Cancers have been the leading cause of premature mortality since 2004. According to the National Cancer Research Institute (NCRI), 380,000 new cases of cancer were recorded in 2018. Prostate cancer is the most common among men. Among women, breast cancer remains the most common.
It is well known that a balanced lifestyle helps to stay healthy. The National Cancer Research Institute states that a diversified and balanced diet helps to prevent the risk of developing cancer during one's life. The institute points out:
On the contrary, an unbalanced diet is the cause of 19,000 new cases of cancer per year.
Which foods should be limited to reduce the risk of cancer?
One thing that should be remembered is that there are no ‘anti-cancer’ foods. However, a healthy diet helps to prevent the disease. The NCRI says:
To reduce the risk of cancer, it is important to balance your overall intake, focusing on what protects and reducing what may contribute to the development of cancer. A balanced diet also helps to limit the risk of becoming overweight or obese.
The institute recommends reducing the amount of red meat from one’s diet. Why is this? Excessive consumption of pork, veal, beef, lamb, horse, and sheep can increase the risk of cancer.
In 2015, the International Agency for Research on Cancer also indicated that excessive meat intake is likely to be carcinogenic to humans. It also warned about deli meats, which are meats preserved by smoking, drying, or salting. These food products are classified as proven human carcinogens. Every year, 5,600 new cases of colon and rectal cancer are caused by excessive consumption of red meat and deli meat.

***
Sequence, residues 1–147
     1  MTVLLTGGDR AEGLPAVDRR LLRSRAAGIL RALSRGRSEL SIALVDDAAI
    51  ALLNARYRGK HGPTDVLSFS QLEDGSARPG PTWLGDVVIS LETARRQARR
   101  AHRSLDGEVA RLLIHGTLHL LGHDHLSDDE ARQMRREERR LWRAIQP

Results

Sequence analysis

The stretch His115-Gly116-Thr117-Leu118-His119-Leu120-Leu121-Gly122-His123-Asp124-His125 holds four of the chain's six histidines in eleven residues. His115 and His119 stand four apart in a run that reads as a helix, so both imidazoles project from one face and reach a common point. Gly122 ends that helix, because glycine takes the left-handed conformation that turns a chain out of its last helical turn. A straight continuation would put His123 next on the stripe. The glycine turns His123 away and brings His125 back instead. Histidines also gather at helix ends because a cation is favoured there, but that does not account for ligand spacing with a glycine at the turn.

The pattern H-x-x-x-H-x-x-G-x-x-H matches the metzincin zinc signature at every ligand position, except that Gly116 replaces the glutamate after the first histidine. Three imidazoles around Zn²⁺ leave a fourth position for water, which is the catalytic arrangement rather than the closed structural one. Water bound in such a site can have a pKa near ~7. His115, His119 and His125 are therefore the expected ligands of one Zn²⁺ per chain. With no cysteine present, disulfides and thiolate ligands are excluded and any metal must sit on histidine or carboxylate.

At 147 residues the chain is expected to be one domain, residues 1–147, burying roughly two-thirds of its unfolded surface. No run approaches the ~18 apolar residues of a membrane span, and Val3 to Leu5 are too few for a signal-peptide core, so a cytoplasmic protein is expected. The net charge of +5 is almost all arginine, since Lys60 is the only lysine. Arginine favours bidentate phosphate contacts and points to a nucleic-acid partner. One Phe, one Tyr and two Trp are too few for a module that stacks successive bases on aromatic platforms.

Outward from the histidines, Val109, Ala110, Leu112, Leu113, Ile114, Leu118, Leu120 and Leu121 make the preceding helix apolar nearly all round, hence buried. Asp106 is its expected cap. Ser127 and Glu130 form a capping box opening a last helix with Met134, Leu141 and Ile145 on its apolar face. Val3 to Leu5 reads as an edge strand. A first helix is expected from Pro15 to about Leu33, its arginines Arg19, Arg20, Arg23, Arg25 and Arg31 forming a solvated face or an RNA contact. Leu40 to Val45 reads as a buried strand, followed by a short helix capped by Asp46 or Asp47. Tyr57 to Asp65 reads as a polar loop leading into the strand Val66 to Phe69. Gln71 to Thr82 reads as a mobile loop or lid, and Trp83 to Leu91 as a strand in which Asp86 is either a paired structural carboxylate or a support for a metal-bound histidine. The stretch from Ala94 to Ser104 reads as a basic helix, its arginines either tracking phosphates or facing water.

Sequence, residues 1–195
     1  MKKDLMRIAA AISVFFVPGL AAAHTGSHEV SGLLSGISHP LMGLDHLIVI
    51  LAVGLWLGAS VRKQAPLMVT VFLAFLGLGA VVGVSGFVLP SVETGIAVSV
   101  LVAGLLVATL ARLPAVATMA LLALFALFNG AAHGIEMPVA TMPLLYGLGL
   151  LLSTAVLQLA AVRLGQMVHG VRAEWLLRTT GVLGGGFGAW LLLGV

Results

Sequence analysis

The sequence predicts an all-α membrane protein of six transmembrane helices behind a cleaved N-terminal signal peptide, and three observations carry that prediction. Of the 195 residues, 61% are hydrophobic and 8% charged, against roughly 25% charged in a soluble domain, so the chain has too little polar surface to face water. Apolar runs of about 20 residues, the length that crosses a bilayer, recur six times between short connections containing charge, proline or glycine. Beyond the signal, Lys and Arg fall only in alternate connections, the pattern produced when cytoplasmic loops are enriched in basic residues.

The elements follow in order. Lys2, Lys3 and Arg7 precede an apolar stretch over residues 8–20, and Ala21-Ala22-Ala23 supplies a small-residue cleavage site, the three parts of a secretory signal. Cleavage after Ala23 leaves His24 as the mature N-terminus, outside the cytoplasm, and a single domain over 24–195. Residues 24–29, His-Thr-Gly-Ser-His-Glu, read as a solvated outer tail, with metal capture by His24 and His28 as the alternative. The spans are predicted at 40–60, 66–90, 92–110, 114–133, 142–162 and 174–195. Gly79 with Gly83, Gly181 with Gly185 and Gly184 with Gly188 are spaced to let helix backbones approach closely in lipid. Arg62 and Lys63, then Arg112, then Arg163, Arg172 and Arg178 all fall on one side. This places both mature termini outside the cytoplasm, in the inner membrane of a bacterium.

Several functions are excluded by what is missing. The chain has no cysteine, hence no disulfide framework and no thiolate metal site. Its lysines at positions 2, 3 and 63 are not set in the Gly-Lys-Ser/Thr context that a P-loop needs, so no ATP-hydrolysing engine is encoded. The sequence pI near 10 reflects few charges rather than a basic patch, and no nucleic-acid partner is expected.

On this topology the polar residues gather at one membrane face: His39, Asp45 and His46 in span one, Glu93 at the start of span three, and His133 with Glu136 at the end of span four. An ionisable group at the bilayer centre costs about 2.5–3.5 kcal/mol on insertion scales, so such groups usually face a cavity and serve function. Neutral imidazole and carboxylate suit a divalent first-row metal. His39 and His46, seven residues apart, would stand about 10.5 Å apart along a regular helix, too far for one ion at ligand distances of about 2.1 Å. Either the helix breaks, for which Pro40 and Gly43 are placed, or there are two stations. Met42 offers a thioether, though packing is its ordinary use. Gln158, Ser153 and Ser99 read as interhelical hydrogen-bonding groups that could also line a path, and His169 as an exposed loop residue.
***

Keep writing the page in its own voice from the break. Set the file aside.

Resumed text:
Certain cooking methods can also increase the risks. Cooking red meat at a temperature above 200°C or exposing it directly to flames when barbecuing or grilling could lead to the formation of carcinogenic or potentially carcinogenic substances. The NCRI points out:
But there is limited scientific data available to conclude a relationship with the risk of stomach cancer. It is more prudent not to consume frequently, or in large quantities, calcined food.
To limit the risk of cancer, it is recommended to:
- Reduce the consumption of red meat to less than 500 grams per week, i.e., the equivalent of 3 to 4 steaks.
- Give preference to poultry, fish, eggs, and legumes.
- Reduce the consumption of deli meats to less than 150 grams per week.
Taking dietary supplements is not recommended to prevent cancer, as this may present health risks. These products may contain significant amounts of beta-carotene. This vitamin A precursor may be a risk factor for lung cancer in smokers and former smokers. In particular, it aggravates the carcinogenic effects of tobacco and increases the production of free radicals.
Which foods should be eaten to prevent cancer?
Several food categories play a protective role against cancer. This is particularly the case for products rich in fibre. It is advisable to favour legumes (lentils, chickpeas, kidney beans), vegetables, fruit, and cereal products (wholemeal bread, wholemeal pasta, wholemeal rice) to limit the risk of developing cancer.
Eating foods rich in fibre is associated with a reduced risk of colorectal cancer. Vegetables and fruit also act to prevent cancers of the mouth, pharynx, larynx, nasopharynx, oesophagus, lung, stomach, colon, and rectum.
The NCRI recommends consuming 5 servings of fruit and vegetables per day. One portion is the equivalent of 80 to 100 grams, i.e., an apple, a tomato, two apricots, or a bowl of soup. However, it is better to avoid fruit juices which generally contain little fibre and are often very sweet.
Dairy products such as milk, yoghurt, and cheese also have a positive impact on cancer prevention. These foods help prevent colorectal cancer. The NCRI adds:
The National Nutrition Program now recommends consuming two dairy products a day, alternating them (milk, cheese, plain yoghurt). Too low a consumption of dairy products (less than 2 products per day) could contribute to some 850 new cases of colorectal cancer per year.
Breastfeeding can also be beneficial against breast cancer in women. According to the NCRI:
Positive effects are observed beyond 6 months of breastfeeding over the course of life (all children combined).